Northeastern holiday gift guide 2022: The best reads for the bookworm in your life

Books on yellow background
Whether you’re shopping for a budding activist or a world traveler, Northeastern faculty have recommendations for the reader in your life. Photo by Matthew Modoono/Northeastern University

During the holiday season, finding the perfect book for the reader in your life can be a challenge. There are endless options, and you want it to be personal enough to let the person know you put some thought into it but general enough that the person will enjoy it at any time of the year.

Luckily, Northeastern University’s well-read faculty are here to help. Shopping for a lover of fine literature, a budding activist or maybe just someone who’s looking for a feel good read during the holiday season? These faculty-recommended books will hit home with your favorite bookworm no matter what they’re looking to read.

For fiction fans

When it comes to fiction, the sheer number of genres and options can be daunting, but there’s something for everyone, even teenagers, says Nicole Aljoe, professor of English and Africana studies at Northeastern.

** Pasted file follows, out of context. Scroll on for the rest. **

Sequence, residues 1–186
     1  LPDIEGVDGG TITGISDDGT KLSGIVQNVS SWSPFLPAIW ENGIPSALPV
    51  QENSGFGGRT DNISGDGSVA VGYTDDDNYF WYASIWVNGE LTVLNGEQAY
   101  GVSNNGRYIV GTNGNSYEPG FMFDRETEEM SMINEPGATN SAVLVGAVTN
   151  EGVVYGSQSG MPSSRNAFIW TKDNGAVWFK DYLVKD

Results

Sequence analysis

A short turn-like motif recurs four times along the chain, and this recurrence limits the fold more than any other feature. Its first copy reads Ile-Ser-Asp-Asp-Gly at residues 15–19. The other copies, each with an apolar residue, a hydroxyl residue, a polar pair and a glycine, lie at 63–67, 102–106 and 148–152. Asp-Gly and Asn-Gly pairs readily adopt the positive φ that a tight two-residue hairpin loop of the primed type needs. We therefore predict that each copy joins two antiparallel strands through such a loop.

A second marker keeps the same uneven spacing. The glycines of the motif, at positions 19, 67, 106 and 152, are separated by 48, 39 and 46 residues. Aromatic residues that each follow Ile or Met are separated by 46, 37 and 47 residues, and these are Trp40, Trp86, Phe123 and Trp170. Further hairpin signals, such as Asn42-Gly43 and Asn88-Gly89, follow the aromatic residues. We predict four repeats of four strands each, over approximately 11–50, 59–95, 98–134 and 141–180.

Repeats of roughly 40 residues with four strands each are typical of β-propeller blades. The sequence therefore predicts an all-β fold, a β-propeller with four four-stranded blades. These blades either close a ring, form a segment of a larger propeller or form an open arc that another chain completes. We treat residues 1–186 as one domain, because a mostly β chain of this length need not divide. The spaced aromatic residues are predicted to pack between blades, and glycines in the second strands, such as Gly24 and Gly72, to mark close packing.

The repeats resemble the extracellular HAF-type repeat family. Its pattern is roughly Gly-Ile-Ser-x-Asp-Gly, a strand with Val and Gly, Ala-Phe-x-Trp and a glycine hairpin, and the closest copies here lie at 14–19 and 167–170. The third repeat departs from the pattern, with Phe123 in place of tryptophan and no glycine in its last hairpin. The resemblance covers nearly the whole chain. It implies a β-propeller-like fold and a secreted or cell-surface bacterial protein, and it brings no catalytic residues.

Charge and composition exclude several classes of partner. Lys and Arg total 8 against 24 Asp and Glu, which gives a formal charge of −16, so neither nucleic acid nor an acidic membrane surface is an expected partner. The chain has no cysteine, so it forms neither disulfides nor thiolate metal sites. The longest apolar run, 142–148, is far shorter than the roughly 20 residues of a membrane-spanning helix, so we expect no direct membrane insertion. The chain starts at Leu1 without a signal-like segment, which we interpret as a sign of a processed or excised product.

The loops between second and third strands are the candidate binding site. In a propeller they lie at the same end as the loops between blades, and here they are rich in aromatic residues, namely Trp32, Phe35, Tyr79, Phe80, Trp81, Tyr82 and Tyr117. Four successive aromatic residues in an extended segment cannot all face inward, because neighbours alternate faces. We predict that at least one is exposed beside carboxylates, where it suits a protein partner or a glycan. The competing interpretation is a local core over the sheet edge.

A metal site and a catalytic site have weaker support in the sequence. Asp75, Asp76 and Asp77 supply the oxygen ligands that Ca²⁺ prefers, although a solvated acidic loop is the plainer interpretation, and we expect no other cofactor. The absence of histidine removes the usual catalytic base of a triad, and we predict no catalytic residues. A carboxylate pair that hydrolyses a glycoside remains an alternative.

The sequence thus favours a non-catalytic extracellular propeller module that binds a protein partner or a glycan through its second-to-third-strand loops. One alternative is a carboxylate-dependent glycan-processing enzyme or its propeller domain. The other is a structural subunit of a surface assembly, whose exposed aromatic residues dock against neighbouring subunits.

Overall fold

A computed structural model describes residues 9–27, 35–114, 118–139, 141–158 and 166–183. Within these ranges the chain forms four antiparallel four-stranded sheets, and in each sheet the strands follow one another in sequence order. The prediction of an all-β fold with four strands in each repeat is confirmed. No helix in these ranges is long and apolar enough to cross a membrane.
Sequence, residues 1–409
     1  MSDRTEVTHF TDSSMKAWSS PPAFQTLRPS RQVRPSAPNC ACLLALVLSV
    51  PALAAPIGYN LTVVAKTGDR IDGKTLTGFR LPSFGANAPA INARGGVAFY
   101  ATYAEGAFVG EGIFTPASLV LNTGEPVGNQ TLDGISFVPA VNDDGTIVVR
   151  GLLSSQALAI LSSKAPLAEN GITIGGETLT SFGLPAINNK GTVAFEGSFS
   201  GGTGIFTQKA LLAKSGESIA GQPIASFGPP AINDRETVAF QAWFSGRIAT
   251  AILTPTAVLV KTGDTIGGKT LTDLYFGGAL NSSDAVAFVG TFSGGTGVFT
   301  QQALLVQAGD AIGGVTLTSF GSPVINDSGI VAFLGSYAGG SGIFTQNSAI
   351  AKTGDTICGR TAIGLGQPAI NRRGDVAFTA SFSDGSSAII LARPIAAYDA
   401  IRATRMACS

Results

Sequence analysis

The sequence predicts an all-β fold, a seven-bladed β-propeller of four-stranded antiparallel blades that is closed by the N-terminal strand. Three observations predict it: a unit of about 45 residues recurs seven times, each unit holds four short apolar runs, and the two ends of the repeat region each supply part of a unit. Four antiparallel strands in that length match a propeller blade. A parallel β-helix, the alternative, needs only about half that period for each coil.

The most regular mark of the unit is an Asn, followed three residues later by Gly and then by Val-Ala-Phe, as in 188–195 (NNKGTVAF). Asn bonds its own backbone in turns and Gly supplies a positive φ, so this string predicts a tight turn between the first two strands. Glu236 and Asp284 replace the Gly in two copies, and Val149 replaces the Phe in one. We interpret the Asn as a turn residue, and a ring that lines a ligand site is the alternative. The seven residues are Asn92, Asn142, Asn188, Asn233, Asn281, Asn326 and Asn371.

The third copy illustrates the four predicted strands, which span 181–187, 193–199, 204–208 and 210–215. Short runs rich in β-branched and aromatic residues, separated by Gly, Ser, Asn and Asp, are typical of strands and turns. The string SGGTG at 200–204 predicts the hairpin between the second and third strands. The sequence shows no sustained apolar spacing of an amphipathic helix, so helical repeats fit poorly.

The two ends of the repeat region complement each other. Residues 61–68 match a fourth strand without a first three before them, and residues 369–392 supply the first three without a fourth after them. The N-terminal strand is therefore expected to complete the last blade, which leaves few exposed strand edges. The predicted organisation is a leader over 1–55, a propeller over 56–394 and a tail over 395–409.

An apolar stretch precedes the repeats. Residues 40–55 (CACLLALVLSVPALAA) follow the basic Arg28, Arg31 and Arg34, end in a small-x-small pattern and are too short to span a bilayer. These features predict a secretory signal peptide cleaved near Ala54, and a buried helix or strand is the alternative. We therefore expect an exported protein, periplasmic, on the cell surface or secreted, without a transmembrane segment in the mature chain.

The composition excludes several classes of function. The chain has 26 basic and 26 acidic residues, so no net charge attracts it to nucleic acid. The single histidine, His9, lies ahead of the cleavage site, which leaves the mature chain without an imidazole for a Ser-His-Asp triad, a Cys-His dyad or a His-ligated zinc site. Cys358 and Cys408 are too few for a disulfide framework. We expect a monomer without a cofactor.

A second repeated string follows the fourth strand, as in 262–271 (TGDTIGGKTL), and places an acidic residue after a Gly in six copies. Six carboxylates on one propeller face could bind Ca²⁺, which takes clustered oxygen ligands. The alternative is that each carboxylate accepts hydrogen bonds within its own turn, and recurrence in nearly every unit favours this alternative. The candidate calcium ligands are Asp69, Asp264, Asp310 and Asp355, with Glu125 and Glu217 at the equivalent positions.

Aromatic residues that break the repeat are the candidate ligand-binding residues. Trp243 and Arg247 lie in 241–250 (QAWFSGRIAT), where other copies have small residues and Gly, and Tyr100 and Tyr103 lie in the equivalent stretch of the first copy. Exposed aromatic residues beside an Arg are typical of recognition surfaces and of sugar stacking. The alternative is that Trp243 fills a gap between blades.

She recommends “The Lizzie and Belle Mysteries” series by J.T. Williams for middle schoolers, particularly the first book, “Drama and Danger.” Set in 18th century London, the series follows two historical Black British figures, Dido Elizabeth Belle and Elizabeth Sancho, daughter of the famous Black British letter writer Charles Ignatius Sancho. 

“The two young Black British girls start a really lovely friendship and also solve a thrilling mystery,” Aljoe says of the first book, which offers “a PG version of the ‘Bridgerton’ aesthetic.”

If you know someone who likes to fully engage with whatever they’re reading, Laura Dudley, associate clinical professor of applied psychology, recommends Jennifer Egan’s “A Visit from the Goon Squad.” A 2011 Pulitzer Prize winner, Egan’s novel intricately intertwines the stories of 13 characters who are all connected to a record company executive. Dudley ended up creating a character map (twice) to map the relationships between all the characters. 

It’s also the perfect time to jump into Egan’s world because she released a sequel, “Candy House,” just this year.

Daniel Medwed, university distinguished professor of law and criminal justice, recommended something with a much smaller scale. Jonathan Escoffery’s debut novel “If I Survive You” is an intimate portrait of a Jamaican American family’s experience in the Miami area.

“It is beautifully written, lyrical and moving, with a unique voice that needs to be heard and amplified,” Medwed says.

For world travelers